Sorry, ‘it’s the system’ is no excuse

27 May, 2016 - 00:05 0 Views

The ManicaPost

Mandi Smallhorne
“IT’S the system,” they say. “Sorry.”

Well, the system sucks. And it’s being used far too often as an excuse.

I had an MRI scan of my spine at a large radiology facility just off the N1 highway near Sandton on March 30,2016. It was all authorised and according to Cocker (for those who aren’t acquainted with slang from the early 20th century, that means done properly and according to established rules).

So imagine my surprise when I got an invoice on May 3 which gave the age of the account as 60 days, and added for emphasis, and I quote, “THIS ACCOUNT IS NOW LONG OVERDUE. PLEASE SETTLE AND CLAIM BACK DIRECTLY FROM YOUR MEDICAL AID TO PREVENT BEING HANDED OVER.”

So I leapt into action, a leap which was foiled in mid-flight by the fact that it took ten full minutes of phone calls before I actually got someone on the other end of the phone and was finally able to ask my question.

“I had the procedure 33 days ago, not 60, and this is the first invoice I have seen. How can it be ‘LONG OVERDUE’?”

“Yes, I see that. Well, it’s the system, you see . . . ”

“The system simply sends out exaggerated claims and threats to hand people over, all by its little self?”

“Well, it’s the way it’s programmed . . . Oh! I see we are still waiting for payment from your medical aid!”

“Yes, well, that was going to be my next question: how come you’re threatening me, when this was supposed to be paid by my medical scheme?”

“You see, the system just generates an invoice after 30 days.”

“The system, presumably, can be programmed to do anything that involves text and boxes and numbers. So here’s a thought: why can’t it send out a first invoice that says: ‘Just FYI: we’re still awaiting payment from your medical scheme’?”

This stymied the unfortunate clerk, but she suggested I write a letter to her bosses. My husband said she was just passing the buck, but I don’t think so. “Poor soul, she probably has to deal with phone calls from irate and anxious people all the time,” I reasoned. “And in my experience, ‘bosses’ are far more likely to take action on a direct complaint from a customer than on the plea of an employee.”

So that took up about 45 minutes of my time on May 3; on May 4, I discovered that I had once again been debited twice by the company managing my new investment. (That sounds larny, doesn’t it?

I do assure you it’s minuscule; basically I’m saving R500 a month. So they’ve lifted R1 000 extra off me since 1 April this year.)

A bit of firm and definite talking got me escalated from ‘Customer Service’ to ‘Executive Service’ (sort of like ‘Advance Search’ on a search engine, I suppose). And blow me down if they didn’t actually do the investigation and phone me back. Yes, something had gone wrong and they would have to refund me. “I’m sorry, it’s something in the system, you see . . . ” Twenty minutes of my time.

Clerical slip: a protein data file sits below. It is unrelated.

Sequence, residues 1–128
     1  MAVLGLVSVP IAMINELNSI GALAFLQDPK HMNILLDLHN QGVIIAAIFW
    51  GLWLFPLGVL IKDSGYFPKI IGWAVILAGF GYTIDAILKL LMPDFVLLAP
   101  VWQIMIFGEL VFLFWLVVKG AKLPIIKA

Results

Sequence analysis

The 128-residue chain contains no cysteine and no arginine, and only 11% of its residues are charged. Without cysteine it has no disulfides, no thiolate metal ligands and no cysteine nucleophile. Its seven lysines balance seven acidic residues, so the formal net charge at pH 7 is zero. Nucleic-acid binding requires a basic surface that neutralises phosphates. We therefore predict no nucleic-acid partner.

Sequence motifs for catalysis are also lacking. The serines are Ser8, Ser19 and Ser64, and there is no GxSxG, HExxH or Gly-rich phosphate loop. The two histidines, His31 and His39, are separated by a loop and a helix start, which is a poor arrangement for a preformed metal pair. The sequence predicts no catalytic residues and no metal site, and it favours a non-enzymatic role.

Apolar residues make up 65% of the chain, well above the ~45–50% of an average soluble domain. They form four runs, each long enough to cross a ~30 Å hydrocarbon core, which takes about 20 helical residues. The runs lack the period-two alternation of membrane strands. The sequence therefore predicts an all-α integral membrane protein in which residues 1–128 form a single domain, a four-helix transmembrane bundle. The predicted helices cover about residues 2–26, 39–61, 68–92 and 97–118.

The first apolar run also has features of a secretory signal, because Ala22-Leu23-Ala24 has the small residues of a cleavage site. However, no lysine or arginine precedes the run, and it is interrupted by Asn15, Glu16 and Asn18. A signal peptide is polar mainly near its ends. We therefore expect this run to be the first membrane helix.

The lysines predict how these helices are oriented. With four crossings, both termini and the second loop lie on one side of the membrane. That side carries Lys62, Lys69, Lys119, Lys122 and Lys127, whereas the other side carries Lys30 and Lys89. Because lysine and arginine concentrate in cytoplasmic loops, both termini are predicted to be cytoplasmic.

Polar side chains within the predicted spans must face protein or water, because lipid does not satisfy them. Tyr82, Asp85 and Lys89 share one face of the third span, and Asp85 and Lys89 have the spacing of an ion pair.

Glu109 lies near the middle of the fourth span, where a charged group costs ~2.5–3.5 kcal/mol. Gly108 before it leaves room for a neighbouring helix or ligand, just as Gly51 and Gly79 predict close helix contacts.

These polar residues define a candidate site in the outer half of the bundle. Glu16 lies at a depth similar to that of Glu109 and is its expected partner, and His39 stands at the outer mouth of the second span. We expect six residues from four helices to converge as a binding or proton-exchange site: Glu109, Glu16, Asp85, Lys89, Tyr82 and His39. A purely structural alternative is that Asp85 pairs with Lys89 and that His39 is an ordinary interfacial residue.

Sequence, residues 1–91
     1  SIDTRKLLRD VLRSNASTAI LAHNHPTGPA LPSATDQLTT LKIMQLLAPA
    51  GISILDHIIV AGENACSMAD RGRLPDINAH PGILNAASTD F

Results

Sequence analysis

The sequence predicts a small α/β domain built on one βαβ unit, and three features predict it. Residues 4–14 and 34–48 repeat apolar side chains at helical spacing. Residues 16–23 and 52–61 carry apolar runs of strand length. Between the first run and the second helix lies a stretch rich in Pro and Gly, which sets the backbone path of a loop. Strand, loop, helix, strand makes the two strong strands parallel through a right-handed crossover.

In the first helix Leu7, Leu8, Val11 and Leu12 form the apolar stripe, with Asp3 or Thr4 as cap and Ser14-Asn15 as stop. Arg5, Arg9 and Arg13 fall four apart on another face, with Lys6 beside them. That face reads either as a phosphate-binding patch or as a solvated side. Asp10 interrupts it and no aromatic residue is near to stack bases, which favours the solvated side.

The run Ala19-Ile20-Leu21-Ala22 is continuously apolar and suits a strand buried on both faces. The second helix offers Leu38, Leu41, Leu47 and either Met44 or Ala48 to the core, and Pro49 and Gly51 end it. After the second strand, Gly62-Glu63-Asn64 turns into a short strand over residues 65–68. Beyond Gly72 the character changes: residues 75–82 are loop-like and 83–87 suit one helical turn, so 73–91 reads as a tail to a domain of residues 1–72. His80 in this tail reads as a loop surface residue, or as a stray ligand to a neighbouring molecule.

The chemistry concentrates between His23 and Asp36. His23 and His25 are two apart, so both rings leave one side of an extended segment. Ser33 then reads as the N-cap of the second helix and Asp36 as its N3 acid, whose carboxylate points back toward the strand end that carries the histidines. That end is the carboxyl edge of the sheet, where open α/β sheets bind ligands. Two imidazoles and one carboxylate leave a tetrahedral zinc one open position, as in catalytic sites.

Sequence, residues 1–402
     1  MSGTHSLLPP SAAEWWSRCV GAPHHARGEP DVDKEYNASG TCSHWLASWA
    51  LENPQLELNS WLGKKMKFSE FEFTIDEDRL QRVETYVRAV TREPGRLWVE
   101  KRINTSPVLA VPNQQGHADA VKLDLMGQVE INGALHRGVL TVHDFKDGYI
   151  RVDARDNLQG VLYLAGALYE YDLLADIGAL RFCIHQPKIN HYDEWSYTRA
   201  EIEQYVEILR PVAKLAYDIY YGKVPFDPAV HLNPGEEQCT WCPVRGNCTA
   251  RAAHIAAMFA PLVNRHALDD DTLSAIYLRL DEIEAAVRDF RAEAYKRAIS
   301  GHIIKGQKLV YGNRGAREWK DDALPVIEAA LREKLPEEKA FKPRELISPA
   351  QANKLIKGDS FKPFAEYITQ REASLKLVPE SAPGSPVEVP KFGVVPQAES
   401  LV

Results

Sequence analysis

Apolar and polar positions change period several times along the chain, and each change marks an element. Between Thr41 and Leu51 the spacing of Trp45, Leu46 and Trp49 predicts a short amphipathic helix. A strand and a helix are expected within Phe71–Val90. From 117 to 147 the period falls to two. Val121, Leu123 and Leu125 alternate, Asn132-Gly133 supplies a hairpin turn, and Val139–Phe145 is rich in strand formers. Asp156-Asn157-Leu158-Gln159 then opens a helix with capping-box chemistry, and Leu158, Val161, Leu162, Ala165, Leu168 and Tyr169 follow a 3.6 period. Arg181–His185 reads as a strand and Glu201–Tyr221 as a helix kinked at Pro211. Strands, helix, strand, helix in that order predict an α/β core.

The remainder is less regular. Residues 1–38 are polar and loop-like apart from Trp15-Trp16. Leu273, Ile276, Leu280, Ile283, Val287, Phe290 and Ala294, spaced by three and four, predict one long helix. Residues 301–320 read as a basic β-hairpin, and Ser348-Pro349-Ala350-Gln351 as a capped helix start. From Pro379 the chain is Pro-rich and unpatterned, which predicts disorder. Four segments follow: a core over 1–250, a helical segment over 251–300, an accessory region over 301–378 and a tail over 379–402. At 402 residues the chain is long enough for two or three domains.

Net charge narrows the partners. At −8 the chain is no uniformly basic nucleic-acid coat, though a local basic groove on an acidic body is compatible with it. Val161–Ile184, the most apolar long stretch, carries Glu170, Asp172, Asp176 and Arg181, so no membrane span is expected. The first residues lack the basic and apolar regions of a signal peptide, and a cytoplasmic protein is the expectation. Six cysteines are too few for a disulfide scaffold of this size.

And now an online service has informed me that they’re refunding me for a book I ordered from them, and immediately cancelled, in November last year. (At the time, they did not give me the delivery cost till after the purchase was completed and I almost fainted: the book itself cost less than R200, but the delivery was going to be R600!) How much time and energy is it going to take for me to hunt down their ‘customer service’, get them to understand the story and sort out the glitch in ‘the system’ which has led to this? Sigh. I don’t think so. For once, I think I might just let ‘the system’ err in my favour.

Ever since I started blithering on about efficiency – or lack thereof – a couple of weeks ago, I’ve been keeping track of all the time I spend dealing with inefficiencies. Last Friday I spent several hours in Home Affairs, for instance, to get a copy of my marriage certificate, which should be a simple task.

In two weeks, I’ve wasted more than a full working day, with no break for lunch, on sorting out messes created by other people’s ‘systems’. And let me point out that more than half of that time was spent on private sector issues, where competition and ‘the market’ is supposed to turn the dross of public sector inefficiency into the gold of customer-focused snappiness. Not.

The private sector has outsourced so many admin issues to us, their clients.

They run everything through computer systems that appear, in real terms, to leave it to the client to spot and flag errors, then give us no way of sorting things out except through over-burdened, disempowered (and presumably therefore less expensive) call centre people who have to escalate and query and ‘talk to my manager’, instead of being able to make decisions and interventions on the spot. Result?

Costs flow to the customer in a sort of toxic trickle-down.

That’s what I see, anyway. And it ain’t right, folks!

 

â—† Mandi Smallhorne is a versatile journalist and editor.

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